Raymond Dele Awoonor-Gordon
The Sierra Leone Telegraph: 16 July 2013
At the top of Sierra Leone’s society, there is kleptomania as well as greed. And elsewhere – a sort of weary cynicism. Not only that, the effort to curb corruption by those in authority has turned out to be like the Dracula running a blood transfusion service.
The result: although we are all virtually aware of it, in the eyes of the world, we are now worse off on the corruption scale than Nigerians, whom we use to deride.
The little respect and the entrenched values of our society, which we used to be well known for, have disappeared over the horizon and it is getting more and more difficult to claw back.
Wow! Our society, led by the political class is now to corruption, what Imelda Marcos had been to shoes. For those unaware, Imelda Marcos, the wife of a former President of the Philippines was found to have had a dangerous addiction to shoes. When her husband was overthrown, over three thousand pairs of shoes were found in one of her bedrooms.
Anyway, according to a survey carried out in 95 countries by Transparency International, Sierra Leone has the highest reported corruption index rate of 84% – Just as across 105 nations, our politicians, judges and the police, head the list of those public institutions which people see as the most corrupt.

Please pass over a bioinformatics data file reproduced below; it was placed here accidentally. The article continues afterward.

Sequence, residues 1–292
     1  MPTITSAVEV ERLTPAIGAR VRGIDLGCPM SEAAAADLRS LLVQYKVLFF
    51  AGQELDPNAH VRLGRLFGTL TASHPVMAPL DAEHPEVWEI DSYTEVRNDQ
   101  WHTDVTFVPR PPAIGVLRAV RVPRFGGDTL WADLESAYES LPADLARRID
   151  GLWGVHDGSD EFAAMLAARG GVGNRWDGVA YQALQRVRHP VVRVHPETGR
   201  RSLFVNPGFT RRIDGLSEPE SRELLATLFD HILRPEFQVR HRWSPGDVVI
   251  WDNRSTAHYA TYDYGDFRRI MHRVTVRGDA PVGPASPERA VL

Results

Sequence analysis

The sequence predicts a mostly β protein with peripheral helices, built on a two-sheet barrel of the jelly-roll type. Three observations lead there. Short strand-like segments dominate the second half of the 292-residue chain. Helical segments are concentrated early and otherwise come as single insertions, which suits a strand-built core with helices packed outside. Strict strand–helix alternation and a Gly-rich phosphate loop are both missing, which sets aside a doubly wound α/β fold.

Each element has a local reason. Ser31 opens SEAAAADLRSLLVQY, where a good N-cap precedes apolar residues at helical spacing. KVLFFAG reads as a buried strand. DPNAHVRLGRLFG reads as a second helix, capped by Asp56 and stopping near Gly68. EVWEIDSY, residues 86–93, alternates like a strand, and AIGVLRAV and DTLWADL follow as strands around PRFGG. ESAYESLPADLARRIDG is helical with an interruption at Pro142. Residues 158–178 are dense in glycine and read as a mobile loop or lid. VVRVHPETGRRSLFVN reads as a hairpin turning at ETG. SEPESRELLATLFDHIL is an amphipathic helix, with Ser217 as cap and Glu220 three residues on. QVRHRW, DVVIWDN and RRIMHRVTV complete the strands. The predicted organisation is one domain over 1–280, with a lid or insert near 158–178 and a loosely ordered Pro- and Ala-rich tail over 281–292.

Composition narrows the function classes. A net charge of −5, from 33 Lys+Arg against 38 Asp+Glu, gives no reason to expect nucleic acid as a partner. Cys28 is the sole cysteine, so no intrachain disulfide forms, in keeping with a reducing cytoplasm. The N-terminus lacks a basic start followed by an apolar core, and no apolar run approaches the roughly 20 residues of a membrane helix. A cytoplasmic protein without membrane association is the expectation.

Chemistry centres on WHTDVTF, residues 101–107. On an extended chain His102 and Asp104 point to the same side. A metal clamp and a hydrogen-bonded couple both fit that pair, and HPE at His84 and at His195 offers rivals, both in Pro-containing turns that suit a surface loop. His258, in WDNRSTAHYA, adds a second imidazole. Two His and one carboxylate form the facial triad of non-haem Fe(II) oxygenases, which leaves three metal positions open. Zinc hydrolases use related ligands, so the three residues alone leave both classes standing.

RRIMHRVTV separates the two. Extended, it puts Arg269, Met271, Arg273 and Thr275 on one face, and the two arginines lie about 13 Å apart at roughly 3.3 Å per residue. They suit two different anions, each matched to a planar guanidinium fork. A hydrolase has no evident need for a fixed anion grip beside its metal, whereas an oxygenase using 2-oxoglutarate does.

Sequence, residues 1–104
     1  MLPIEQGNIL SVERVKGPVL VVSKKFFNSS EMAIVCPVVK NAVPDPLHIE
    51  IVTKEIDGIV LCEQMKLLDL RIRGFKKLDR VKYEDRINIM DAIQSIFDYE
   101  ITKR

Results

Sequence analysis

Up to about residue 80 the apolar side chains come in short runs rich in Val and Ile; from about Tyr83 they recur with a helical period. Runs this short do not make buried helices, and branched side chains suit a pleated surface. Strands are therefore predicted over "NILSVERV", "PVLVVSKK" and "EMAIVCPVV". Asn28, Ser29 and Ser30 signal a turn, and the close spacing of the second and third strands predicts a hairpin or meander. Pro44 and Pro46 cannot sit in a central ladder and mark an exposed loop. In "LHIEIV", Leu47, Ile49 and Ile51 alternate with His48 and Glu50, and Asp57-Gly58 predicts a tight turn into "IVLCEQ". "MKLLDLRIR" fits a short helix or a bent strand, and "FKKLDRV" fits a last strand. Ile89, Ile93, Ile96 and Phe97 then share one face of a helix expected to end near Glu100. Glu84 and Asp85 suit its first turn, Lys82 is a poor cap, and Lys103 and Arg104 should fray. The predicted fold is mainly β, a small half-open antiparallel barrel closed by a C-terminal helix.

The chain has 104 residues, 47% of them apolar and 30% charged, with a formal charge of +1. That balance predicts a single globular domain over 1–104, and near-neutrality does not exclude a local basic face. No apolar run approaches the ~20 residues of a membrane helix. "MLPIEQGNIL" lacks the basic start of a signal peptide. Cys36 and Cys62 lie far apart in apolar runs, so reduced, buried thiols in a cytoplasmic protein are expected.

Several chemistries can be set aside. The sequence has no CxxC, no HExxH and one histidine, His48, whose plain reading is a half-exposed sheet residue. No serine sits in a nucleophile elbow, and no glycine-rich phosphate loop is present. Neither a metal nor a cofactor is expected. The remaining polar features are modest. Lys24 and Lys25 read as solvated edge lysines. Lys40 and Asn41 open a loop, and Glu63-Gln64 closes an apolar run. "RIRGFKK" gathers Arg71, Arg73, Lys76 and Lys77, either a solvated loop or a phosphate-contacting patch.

In nearly half of those countries surveyed – including ours, politicians were singled out as the least trustworthy.
There you have it. But, Shoo! Shoo! Please don’t let our political managers hear that. They are in a rage. They are not impressed one bit, by our attempt to blot their squeaky-clean copybook with the brush of graft.
So, and as if on cue, the shadows behind them as well as other prattling cohorts are blowing the vuvuzella to make it clear that where Sierra Leone now finds itself, it’s entirely the fault of its hapless citizens.
In what can best be described as a moment of classic understatement, those expected to set the tone of propriety, say ridding the nation of the taint of corruption should go to our heads, while they continue to stay hyper-alert to their grand illusion of denials and fake scent of victory.
As far as our leaders are concerned, we can make a face like a bulldog chewing wasp, the battle for a cleaner society is determined by their vagaries.
They say that we are the ones not shopping the corrupt officers. In their view, we are responsible for letting those who lead us, do dodgy things and that we are the judges that let off the offenders with just a slap on the wrist.